Donald Trump becomes president and initially the markets sell off, but then the markets start on one of the biggest rallies in the history of the market without a significant correction until late January of this year. Now will the people who were the last to get in be the first to get out when fear takes over again?

The price of oil was $140 per barrel in June of 2008 and fell to $33 per barrel in 2009 and continued to flounder until it hit bottom February 2016 with the price of $26.05. As of Friday the 6 of April it was $62.06, a sizable gain. But all through the rise in the price of oil no body was suggesting to buy it. If I’m correct I think oil will hit $70 by mid-year and you will here people suggesting now is the time to buy.

I know it is hard to watch prices go down and trying to decide what you will do with the money when you sell. It is almost just as difficult to watch prices rise and agonize over should you sell. In selling a stock the greed factor is how much will I leave on the table if I sell? Then what to do with the proceeds that need to be reinvested but were? The struggle between fear and greed is never ending, but if you understand that it is emotion and not reason that is driving the decision then it's time to walk away and try again another day. One quick example, General Electric (GE). This is not a suggestion to buy or sell but I use it as an example of reason over emotion. GE on Friday closed around $13 a share. Question number one: “Is GE going out of business?” The dividend is yielding 3.83 percent at this price. If your time horizon is 3 to 5 years do you think GE will be higher or lower than it is today? Those are non-emotional questions and depending how you answer the question you can make a decision to buy it or not.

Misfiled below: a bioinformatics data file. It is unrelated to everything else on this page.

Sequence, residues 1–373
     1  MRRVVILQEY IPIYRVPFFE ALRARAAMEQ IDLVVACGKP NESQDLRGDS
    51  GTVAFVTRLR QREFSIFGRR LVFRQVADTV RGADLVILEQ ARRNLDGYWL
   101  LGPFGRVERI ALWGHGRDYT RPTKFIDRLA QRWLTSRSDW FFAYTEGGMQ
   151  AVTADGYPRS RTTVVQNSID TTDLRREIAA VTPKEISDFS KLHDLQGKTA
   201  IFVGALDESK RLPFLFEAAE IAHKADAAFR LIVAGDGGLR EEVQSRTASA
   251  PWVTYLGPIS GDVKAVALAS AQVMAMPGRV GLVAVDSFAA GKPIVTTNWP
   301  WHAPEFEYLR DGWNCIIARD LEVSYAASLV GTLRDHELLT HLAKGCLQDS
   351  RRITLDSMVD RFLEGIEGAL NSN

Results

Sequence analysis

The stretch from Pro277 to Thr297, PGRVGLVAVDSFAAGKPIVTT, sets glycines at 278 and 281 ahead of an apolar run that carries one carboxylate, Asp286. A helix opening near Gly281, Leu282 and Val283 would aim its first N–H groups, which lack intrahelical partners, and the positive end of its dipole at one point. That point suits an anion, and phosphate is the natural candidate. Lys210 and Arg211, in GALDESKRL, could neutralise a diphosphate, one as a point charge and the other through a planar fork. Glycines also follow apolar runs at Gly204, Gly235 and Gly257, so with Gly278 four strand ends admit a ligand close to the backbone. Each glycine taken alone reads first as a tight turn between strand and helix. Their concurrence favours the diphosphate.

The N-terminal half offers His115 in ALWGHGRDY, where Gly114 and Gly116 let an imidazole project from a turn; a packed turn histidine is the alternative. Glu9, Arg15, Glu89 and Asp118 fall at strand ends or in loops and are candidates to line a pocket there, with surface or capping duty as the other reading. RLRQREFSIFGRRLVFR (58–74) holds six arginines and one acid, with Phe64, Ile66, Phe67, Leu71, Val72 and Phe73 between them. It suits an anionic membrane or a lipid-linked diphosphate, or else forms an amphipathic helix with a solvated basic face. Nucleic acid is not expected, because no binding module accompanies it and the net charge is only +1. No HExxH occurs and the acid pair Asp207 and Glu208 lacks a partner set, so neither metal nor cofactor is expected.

Take the emotion out and make rational decisions. Not all investment decisions will produce positive results but at least you will know the reason you bought was based on good judgment. One last recommendation, proof you investment every year. Ask the question, will this company continue to prosper or will it fail? If you don’t think it will succeed sell it and move on.

Dan Perkins is an author of both thrillers and children’s books. He appears on over 1,100 radio stations. Mr. Perkins appears regularly on international TV talk shows, he is current events commentator for seven blogs, and a philanthropist with his foundation for American veterans, Songs and Stories for Soldiers, Inc. More information about him, his writings, and other works are available on his website, DanPerkins.guru. To read more of his reports — Click Here Now.

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DanPerkins
I have been managing money for almost 45 years. Over that time frame I have see some frightening stock market declines and some massive rallies.
stock market, investing, fear, greed
1142
2018-25-10
Tuesday, 10 April 2018 04:25 PM